Richard Ha writes:
I testified before the County Council against Resolution 42-18. That's the resolution that asks the Legislature to repeal Act 97, which allows geothermal resource zones in certain land classifications.
This was my testimony:
I think we can make things work to everyone's satisfaction by amending Act 97, instead of repealing it.
I am testifying as a farmer who has attended five Association for the Study of Peak Oil (ASPO) conferences. Most of the time, I was the only person there from Hawai‘i.
The world has been using two to three times the amount of oil as it had been finding, for 30 years. Oil is a finite resource and there will be consequences. It's not a matter of if. It is just a matter of when.
More Information can be found at the ASPO website.
A report done by an economic research team of the IMF was presented at the last ASPO conference.
They modeled five declining oil scenarios. They found that under declining oil scenarios of between one and four percent – when oil price exceeds $200 per barrel of oil – it could not be modeled. That would be uncharted waters.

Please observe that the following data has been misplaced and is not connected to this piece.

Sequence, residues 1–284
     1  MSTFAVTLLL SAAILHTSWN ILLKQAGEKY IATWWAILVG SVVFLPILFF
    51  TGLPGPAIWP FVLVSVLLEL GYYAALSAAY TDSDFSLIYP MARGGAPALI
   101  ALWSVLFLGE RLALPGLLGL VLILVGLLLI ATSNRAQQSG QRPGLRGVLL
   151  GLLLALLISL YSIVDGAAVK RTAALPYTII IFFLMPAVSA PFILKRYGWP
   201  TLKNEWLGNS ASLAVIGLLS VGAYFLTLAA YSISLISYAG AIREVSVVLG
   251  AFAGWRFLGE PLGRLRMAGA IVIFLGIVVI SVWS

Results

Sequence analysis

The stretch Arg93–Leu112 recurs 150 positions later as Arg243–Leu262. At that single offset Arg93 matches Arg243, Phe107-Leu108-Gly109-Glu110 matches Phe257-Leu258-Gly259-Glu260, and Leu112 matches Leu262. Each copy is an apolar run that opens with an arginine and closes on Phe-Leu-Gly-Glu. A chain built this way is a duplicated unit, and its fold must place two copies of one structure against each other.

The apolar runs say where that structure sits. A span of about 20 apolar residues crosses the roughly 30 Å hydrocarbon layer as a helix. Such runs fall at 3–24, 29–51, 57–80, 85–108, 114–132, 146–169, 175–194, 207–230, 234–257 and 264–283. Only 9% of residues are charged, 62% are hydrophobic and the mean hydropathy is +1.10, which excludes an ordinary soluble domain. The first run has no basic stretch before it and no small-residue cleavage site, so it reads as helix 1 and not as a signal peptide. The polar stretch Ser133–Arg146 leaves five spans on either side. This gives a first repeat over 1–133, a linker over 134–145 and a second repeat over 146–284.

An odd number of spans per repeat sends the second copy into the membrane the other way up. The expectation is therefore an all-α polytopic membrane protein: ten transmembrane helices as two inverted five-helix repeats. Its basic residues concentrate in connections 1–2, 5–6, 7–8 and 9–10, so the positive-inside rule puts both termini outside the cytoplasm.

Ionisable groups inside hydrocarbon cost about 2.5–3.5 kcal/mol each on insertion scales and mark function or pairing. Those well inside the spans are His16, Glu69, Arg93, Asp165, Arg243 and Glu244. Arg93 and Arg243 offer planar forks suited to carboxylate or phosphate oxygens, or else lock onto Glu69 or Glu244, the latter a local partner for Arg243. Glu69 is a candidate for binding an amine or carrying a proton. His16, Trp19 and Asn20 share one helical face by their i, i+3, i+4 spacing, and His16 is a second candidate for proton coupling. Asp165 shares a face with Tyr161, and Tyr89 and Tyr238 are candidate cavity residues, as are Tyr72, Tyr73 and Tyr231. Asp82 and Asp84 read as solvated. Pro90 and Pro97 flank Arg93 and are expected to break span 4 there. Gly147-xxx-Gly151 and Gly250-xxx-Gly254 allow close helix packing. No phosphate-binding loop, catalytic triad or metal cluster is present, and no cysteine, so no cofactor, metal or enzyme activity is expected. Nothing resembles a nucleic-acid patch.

The report said when two of three of the following conditions occur, then all bets are off.
- If the minimum amount of oil necessary to maintain infrastructure is not met
- If a minimum amount of oil necessary to maintain essential technology is not met
- Or if the relationship of supply to demand exceeds 1-1, and the oil price rises faster than supply
If two or more of these issues occur simultaneously, the results could be dramatic or even downright implausible. These words in an economic report are very worrisome, especially for us living out here on an island.
We on the Big Island could be in jeopardy from outside forces. Robert Rapier, an International energy expert, lives right here on the Big Island. I highly recommend that the County Council ask him to give a presentation.
I also recommend that we start to focus on solutions. Just saying no is not enough.